MIT's thinking toys


THE alarm rings but the toy man asleep on his green plastic bed does, not stir. He has a system to get him moving in the morning, however, and the bed soon lifts and dumps him onto a conveyor belt that brings him into the kitchen for breakfast.

When he is dressed, he walks next door to the chocolate factory, which is already humming with pulleys and more conveyor "bells.

The alarm clock bed and the Wonka factory are products of children's imaginations. The computer programs that run the toys were created by children at a Lego funded research project at "Toys that Think", in the Massachusetts Institute of Technology's Media Lab.

Other creations include a city of the future with moving pavements, and a house that allows only certain colours of car to park in its garage.

These childhood fantasies are an important part of the project, which aims to create programmable toys that children can use to express themselves. "It doesn't have to be cars or factories," says Mitchel Resnick, who heads the Lego MIT project. "We've created kinetic sculptures with kids using this technology."

The toy industry has long been interested in play objects that perform. Around the turn of the century, jack in the boxes and other mechanical toys were a big success. In the 1960s, battery operated toys were all the rage, as the toy sector worked out how to make dolls cry and miniature cars to move.

Resnick says the difference between these and thinking toys is that in the old toys, behaviours are dictated to children. His new computerised devices, on the other hand, allow children to decide what the toys should do. "It's a much richer learning experience for the children," he says.

His research, which began nearly 10 years ago, has already yielded commercial products for the Lego group. Dacta, the company's educational division, has been selling programmable toys to schools across the US since 1990. Lego will not say how much revenue the toys bring in, but the company does reveal that they account for half the division's sales.

"Children love these products, which are built with light sensors, touch sensors and other things for them to program as they want," says Marsha White head, marketing manager for Dacta. But because the sets require a link up to a PC, and because adults have to help children to write the programs, the toys haven't made it to the shelves of high street toy stores yet.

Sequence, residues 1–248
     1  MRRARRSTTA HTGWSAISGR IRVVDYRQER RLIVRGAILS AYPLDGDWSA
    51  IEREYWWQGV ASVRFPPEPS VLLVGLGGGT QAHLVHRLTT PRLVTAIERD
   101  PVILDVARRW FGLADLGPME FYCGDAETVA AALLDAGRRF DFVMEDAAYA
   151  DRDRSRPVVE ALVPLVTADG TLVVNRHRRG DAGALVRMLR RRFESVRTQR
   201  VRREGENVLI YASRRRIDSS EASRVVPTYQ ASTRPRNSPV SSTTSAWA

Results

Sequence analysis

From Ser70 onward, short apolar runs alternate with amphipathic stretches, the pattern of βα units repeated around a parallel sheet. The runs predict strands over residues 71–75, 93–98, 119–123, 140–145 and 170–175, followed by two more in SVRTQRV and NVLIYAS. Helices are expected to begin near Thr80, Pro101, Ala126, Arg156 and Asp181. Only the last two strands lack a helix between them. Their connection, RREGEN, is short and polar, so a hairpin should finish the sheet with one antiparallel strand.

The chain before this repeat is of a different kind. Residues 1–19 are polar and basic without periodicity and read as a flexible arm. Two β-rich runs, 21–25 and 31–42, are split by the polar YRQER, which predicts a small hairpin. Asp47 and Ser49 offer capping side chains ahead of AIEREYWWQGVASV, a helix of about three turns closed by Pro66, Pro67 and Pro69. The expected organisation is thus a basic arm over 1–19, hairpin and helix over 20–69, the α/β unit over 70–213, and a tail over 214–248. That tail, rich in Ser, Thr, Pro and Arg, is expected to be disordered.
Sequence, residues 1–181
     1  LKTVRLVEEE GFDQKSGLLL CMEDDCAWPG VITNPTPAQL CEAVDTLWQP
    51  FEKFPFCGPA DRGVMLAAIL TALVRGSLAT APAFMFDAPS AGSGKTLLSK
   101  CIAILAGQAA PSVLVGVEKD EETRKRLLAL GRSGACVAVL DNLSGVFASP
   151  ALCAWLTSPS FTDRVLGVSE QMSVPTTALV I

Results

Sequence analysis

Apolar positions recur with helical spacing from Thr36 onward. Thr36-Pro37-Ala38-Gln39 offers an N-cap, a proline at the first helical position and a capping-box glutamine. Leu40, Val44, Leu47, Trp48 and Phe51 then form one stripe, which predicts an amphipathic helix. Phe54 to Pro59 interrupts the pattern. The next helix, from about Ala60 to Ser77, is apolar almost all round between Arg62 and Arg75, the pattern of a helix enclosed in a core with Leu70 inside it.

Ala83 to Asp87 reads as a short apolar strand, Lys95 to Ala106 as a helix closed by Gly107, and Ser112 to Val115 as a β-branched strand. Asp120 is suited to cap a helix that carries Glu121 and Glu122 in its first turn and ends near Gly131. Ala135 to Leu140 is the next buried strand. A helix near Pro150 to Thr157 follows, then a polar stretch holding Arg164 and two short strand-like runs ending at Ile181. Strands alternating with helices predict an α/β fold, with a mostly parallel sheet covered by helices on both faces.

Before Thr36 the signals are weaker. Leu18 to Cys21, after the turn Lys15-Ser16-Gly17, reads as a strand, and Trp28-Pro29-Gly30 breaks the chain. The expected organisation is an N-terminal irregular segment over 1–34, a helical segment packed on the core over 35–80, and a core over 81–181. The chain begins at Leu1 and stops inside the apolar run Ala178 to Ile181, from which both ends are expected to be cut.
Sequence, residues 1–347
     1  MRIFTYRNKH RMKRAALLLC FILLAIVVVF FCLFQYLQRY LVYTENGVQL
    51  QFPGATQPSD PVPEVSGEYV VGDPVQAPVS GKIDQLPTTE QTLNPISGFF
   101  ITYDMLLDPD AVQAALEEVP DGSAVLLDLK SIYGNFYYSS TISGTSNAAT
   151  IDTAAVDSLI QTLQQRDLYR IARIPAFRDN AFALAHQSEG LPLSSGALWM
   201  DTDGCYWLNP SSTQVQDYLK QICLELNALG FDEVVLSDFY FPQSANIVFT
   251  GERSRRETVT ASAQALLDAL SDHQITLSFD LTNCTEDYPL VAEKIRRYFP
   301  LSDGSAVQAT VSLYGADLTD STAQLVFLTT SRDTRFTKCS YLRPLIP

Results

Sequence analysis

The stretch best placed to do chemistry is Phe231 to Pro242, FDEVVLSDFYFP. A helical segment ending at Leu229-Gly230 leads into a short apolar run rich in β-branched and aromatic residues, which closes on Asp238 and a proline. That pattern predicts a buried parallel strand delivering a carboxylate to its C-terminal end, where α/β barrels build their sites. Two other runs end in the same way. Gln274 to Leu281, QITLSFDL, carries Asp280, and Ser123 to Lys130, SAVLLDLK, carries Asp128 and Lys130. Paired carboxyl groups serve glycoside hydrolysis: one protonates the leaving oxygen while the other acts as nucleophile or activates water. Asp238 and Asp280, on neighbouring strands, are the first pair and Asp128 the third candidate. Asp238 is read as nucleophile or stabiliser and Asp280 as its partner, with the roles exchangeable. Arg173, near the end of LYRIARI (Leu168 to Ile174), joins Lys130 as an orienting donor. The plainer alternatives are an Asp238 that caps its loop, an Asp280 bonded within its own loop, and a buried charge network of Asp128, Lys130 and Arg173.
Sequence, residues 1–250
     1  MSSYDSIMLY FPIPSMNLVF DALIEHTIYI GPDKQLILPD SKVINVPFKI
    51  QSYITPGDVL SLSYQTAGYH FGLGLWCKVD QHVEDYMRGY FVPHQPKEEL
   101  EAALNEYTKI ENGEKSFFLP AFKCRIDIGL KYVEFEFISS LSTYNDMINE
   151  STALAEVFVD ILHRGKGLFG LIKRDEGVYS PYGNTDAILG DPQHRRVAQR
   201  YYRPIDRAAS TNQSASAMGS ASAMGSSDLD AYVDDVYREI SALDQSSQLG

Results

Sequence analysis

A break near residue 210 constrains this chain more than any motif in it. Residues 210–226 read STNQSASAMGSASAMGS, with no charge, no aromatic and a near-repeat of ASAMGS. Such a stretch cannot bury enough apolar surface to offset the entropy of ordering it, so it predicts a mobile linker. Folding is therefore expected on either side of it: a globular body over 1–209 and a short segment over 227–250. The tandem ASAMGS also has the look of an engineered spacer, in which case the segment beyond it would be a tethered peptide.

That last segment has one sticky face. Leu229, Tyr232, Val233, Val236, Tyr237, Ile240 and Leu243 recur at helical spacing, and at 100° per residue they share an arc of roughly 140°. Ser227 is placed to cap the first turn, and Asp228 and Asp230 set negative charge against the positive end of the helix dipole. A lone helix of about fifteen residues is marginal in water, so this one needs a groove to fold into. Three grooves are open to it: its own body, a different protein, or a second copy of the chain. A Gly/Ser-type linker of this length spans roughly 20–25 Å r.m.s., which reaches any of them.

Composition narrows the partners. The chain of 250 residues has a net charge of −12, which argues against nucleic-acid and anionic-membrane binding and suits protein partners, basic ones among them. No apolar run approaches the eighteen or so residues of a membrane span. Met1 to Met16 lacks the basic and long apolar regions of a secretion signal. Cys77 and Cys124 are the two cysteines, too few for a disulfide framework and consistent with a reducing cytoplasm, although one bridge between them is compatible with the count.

Using the latest technological advarices, Resnick hopes to change that. The new phase of the MIT project aims to create programmable toys that don't have to be hooked up by wire to a personal computer and will allow even young children to dictate self created programs with no adult supervision.

Miniaturisation and wireless technologies will help make this possible. Resnick has created what he calls the "programmable brick" a device slightly smaller than a television video tape, which can relay relatively complex behaviour patterns to the toy into which it is incorporated. "Most of this is batteries," Resnick explains. "I think we can make it much smaller.

Alternatively, toys could be geared to accept wireless signals from PCs to give children more leeway in the behaviour. "One of the problems Lip to now has been that a toy that's physically hooked to a personal computer has limited possibilities,

Resnick says. "You could create a great monster, for instance, that opens its mouth when you clap, and moves when you shine light on it, but if it can only move a little way, it's not much Fun. We want something that is more mobile, so you can send the monster to the next room, if you like."

Yet Resnick concedes that making the products smaller and more mobile is only part of the challenge. One of the biggest problems in bringing thinking toys into the home is simplifying the interface so that children can have fun with the objects on their own.

Because of the interface problem, Lego's computerised Dacta products are now only offered to older children (aged from 11) and must be used with the supervision of computer literate adults. Children tell the supervisors the sorts of things they want to do, but adults usually type in the programs.

Resnick is trying to solve this problem by creating software to simplify the programming process. One experiment uses coloured squares with simple instructions on them such as "go", "stop", "forward" and "backward". Resnick says that by using a mouse, the squares can be, put together on the computers as if the child were building a tower out of bricks.

Yet the more simple the interface, the more limited the behaviours the child can instill. And even the computer brick building exercise may be beyond the understanding of many children.

"The easiest thing to do would be to make a thinking toy along the lines of today's interactive CDs," says Resnick. Most of today's computer programs for children have built in responses. A child clicks the mouse on a dog on the screen, for instance, and it barks. Complex behaviours could also be built into blocks and mobile toys. A Lego robot, for instance, could be made to do a dance at the click of a mouse or the clap of hands.

Although such toys may be commercially successful, Resnick has doubts about their creative value. "The child is not giving his imagination free rein," said Resnick. "He's just observing what the manufacturers decided would be fun for him to see. If we can't get beyond that, we haven't really moved much further than what we got with simple battery operated devices." Or, for that matter with the old fashioned jack in the box.